Southpoint Teaser Masthead

Could Minecraft help us build a better city?

Catherine Carter

It’s been called the ultimate sandbox game, but now Minecraft’s imaginary worlds are being turned into bricks and mortar, thanks to a United Nations program that helps people design better public spaces.

More than 121 million copies of Minecraft have been sold since Markus Persson released his brainchild on the world in 2009. Persson cashed in when Microsoft bought the game for a cool US$2.5 billion in 2014.

Reminiscent of Dire Straits’ video clip Money for Nothing, the program’s simplicity is the secret of its appeal. Minecraft enables everyone from around six years of age and up to take cubes of different textured material and build anything their imagination can dream up. This might be an individual building like a fort or a castle, or an entire world such as the lost city of Atlantis, a replica of New York City or the set pieces for Game of Thrones.

But Minecraft’s true power rests in its potential to engage millions of people in conversations about their cities.

The UN’s program, called Block by Block, works with local communities to reimagine outdated or dangerous public spaces that are ripe for redevelopment.

So far, community workshops have been held in Vietnam, Indonesia, Madagascar, India, Kosovo, Kenya, Mexico, Nepal, the United States, Ecuador and Lebanon, and Block by Block is working with 650 hopeful communities around the world.

Minecraft helped locals reinvent their community in Nairobi’s Dandora neighbourhood, a place with a high crime rate and the dubious honour of being near the largest garbage dump in East Africa. Workshop participants created a prototype of a model street, which included zebra crossings on busy streets, ramps near roadways for people with disabilities, drainages to tackle frequent flooding, lighting in strategic locations, waste bins, as well as trees and flowers.

People were able to bring their ideas, from kitchen gardens to skate parks, to life. Planners gained insights into the needs of the community from those living in it every day, while residents gained a deeper understanding of the urban planning process and how to express their needs.

In Vietnam’s Hanoi, a city that has doubled in size since 2000, Block by Block brought together 45 school girls to design safe and accessible places in the growing neighbourhood of Kim Chung. Many of these girls travel miles each day to reach the school, and had experienced first-hand the perils of poor city design.

Among the ideas the girls presented were unbreakable street lights in a particularly treacherous long tunnel, a female-only coffee shop and a shelter with facial identification security at the door. The girls imagined street benches and signage, murals and flower beds to make their walk safer and more enjoyable.

And in the city of Mitrovica in Kosova, a Block by Block project brought together a deeply divided community to regenerate a tired marketplace in the city’s centre. A bridge spanning Mitrovica’s river, which acts as a symbol of the divide between the Serbian and Albanian residents, was at the heart of the project’s revitalisation efforts. Using Minecraft, people from all walks of life came together to design improvements to the river banks, but also to dream up spaces that would reflect Mitrovica’s future as a unified city.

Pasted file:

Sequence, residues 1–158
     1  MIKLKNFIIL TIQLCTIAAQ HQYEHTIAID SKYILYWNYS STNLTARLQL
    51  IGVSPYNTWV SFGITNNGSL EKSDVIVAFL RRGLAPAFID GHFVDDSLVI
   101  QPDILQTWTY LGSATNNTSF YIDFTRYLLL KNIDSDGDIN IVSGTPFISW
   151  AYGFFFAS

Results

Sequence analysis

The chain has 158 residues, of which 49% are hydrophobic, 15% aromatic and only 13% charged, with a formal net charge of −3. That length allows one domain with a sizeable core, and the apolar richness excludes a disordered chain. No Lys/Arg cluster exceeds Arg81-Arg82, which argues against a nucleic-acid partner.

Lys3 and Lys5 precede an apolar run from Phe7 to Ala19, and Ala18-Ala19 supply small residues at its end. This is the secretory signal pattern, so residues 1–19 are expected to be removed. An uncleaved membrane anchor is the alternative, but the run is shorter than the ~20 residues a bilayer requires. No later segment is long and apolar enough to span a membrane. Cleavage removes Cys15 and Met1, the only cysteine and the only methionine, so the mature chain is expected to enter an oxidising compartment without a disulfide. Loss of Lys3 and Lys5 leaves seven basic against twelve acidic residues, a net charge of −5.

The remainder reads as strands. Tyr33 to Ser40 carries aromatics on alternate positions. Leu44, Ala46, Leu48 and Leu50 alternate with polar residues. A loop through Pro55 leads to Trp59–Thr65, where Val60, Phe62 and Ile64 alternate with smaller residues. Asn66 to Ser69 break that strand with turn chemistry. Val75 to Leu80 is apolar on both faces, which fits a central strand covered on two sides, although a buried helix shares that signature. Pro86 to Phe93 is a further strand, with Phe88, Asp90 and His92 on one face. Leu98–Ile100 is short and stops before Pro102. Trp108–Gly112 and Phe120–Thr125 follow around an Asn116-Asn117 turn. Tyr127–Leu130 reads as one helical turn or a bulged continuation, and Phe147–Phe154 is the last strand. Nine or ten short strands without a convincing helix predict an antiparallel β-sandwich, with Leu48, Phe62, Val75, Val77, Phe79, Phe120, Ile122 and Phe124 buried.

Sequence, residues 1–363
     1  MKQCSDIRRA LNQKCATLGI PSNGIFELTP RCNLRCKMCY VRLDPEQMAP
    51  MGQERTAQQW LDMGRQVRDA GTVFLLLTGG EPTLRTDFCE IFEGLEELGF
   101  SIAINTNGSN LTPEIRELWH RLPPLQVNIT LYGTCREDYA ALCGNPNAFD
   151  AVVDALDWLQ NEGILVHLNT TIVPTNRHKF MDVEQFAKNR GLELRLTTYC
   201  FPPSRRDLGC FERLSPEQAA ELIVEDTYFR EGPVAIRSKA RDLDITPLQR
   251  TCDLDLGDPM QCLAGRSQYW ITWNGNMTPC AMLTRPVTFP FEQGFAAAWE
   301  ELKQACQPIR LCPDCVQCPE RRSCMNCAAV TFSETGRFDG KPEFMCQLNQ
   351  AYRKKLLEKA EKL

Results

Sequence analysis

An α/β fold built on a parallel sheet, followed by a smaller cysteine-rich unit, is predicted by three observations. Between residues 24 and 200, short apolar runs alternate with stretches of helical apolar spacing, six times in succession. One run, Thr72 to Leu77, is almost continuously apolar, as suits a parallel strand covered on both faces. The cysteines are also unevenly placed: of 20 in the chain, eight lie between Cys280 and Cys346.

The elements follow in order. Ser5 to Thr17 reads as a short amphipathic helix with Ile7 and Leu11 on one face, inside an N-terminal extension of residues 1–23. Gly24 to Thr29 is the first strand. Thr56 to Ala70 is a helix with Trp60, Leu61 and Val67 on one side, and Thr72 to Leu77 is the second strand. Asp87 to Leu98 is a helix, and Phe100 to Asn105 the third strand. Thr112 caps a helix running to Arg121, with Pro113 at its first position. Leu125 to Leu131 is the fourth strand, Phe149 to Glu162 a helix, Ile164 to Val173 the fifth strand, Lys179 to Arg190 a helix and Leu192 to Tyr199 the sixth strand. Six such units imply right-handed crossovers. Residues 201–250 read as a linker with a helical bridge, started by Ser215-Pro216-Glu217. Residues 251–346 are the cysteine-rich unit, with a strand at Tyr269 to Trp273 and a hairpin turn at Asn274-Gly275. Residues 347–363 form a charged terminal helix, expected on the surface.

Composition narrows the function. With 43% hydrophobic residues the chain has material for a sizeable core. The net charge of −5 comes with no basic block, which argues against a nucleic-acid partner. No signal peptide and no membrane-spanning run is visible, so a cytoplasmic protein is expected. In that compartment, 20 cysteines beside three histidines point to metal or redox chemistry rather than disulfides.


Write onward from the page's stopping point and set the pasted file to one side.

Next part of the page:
Engaging the internet generation through gaming may seem obvious, and undoubtedly building Minecraft models can help young people and children express their unique perspectives on placemaking. But regardless of age, many participants said using Minecraft had helped them to speak in a common language, and to generate new thinking and learning around city-building. It also helped people to understand how different groups interact with their cities. Men were surprised to discover where women felt unsafe, and young people gained insights into the challenges of age.

Not everyone will become an urban planner or an architect. But everyone can have a say in the development of their city. Tools like Minecraft can democratise the development process, and give people more ownership over the places and spaces that make up their community.

The million-dollar question for Canberra is clear. Could Minecraft help us build a better city? What do you think?


Catherine Carter

A lover of books and beauty, a seasoned traveller and a creative thinker, Catherine Carter is passionate about Canberra. Head of the Property Council of Australia’s Canberra office for more than a decade, Catherine now provides specialist business and communication consultancy services with a focus on urban environments, new forms of collaboration, community building and diversity. Catherine was the recipient of the Telstra Business Women’s ACT Community and Government Award in 2010 and the National Association of Women in Construction Crystal Vision Award in 2017. More about the Author